By Sunny Frothingham
August 7, 2015
Credit : AP/Elaine Thompson.

In July, the national unemployment rate was unchanged from June at 5.3 percent, the lowest rate in seven years. July also saw a slight decline in youth unemployment (16- to 24-year-olds) to 11.7 percent, down from 12.1 percent in June.

The economy gained 215,000 jobs in July, while the number of long-term unemployed people and the number of involuntary part-time workers (people employed part time who would prefer full-time employment) remained about the same.

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UNEMPLOYMENT AMONG YOUNG PEOPLE OF COLOR

In addition to the overall decrease in youth unemployment, July saw a decrease in the youth unemployment rate for every major racial and ethnic group—including white, black, Latino, and Asian youth. That said, the youth unemployment rate is still more than double the national rate, and the unemployment rate for black youth remains high: double the white youth unemployment rate and almost four times the national rate.

Below, the July unemployment rate for each group is compared to the rates from May and June and the average of the monthly rates from 2015 to date.  The unemployment rate for black youth dropped from 23.4 percent in June (the highest rate in 2015 so far) down to 20.7 percent in July. The year-to-date average for black youth is 20.1 percent. For young Latinos, the unemployment rate dropped from 15 percent in June (also the highest rate in 2015 so far) down to 12.7 percent in July with a year-to-date average of 12.8.  White and Asian youth saw minor decreases in their unemployment rates, remaining close to their year-to-date unemployment rates at 10.7 and 10.8 percent, respectively.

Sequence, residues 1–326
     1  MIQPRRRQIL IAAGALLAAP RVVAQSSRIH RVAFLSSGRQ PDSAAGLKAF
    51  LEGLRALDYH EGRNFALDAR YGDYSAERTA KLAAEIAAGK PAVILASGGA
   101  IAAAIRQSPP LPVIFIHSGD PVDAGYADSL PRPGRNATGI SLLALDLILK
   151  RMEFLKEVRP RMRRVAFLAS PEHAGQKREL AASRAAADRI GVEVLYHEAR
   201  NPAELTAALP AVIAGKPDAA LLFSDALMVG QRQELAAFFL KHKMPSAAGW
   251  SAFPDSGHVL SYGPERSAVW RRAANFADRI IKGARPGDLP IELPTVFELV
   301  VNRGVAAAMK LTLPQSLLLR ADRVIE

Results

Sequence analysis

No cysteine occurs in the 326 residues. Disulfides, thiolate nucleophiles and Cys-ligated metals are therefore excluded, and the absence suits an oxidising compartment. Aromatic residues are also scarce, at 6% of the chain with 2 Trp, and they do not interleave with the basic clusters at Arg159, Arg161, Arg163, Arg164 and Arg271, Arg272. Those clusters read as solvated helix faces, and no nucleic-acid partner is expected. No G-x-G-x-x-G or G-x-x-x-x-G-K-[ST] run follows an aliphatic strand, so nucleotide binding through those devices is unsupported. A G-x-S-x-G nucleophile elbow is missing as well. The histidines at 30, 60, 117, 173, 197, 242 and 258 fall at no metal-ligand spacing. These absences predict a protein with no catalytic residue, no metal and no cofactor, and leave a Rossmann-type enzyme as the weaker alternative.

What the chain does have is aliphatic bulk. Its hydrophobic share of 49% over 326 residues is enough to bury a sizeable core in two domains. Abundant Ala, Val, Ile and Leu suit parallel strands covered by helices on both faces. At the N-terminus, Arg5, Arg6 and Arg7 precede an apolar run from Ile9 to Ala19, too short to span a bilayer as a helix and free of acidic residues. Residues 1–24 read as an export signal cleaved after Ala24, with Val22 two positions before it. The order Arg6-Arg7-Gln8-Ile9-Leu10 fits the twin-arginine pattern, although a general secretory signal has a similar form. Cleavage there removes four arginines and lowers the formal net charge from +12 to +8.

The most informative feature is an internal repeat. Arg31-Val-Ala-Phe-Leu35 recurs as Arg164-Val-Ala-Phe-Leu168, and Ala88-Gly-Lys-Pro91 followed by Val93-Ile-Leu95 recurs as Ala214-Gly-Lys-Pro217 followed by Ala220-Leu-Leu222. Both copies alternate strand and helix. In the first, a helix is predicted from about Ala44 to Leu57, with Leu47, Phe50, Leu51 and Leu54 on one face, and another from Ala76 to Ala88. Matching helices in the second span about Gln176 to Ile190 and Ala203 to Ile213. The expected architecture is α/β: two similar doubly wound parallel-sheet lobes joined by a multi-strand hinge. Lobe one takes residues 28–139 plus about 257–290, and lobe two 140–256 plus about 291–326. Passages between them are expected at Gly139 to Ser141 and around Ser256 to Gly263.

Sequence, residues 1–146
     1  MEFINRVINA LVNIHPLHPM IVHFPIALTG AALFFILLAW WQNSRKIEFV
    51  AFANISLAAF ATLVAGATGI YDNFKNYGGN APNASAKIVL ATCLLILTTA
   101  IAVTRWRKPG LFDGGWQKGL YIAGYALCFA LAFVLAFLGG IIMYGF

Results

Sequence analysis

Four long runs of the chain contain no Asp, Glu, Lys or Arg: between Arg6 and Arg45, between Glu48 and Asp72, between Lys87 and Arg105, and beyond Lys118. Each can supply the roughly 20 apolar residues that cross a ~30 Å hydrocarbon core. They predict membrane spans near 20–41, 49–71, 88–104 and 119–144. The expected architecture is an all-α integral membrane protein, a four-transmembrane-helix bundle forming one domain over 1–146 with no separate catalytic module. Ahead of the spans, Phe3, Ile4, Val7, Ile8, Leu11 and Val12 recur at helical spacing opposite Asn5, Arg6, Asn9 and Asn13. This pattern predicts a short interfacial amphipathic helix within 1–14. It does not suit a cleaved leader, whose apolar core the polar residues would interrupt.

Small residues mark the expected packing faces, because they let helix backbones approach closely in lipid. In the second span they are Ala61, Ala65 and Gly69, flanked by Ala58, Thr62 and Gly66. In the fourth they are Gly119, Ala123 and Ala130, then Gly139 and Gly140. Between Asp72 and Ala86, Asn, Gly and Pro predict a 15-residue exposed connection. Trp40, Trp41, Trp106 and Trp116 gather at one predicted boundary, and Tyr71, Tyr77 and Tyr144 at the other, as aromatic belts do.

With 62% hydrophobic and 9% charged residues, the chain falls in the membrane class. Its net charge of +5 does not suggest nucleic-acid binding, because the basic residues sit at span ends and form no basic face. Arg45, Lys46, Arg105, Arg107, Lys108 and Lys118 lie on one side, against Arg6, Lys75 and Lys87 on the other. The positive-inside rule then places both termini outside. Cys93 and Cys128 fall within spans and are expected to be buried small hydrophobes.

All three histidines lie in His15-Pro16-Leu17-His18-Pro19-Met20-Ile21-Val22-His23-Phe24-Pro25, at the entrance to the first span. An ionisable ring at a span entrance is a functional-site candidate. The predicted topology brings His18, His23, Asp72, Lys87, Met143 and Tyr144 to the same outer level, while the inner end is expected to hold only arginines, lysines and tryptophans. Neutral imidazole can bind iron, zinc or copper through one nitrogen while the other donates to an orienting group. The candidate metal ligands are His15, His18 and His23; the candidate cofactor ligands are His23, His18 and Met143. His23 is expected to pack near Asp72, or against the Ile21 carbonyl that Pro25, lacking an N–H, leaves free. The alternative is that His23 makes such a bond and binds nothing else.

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LABOR FORCE PARTICIPATION

While the decreases in the unemployment rate for youth across racial and ethnic groups is a positive sign, the labor force participation rate (LFPR) for youth declined slightly in July from 55.1 percent to 54.9 percent. A decrease in LFPR is worrying since it may mean that workers are leaving the workforce, which could distort the unemployment rates above.

The national labor force participation rate held at 62.6 percent, after a slight decline in June.

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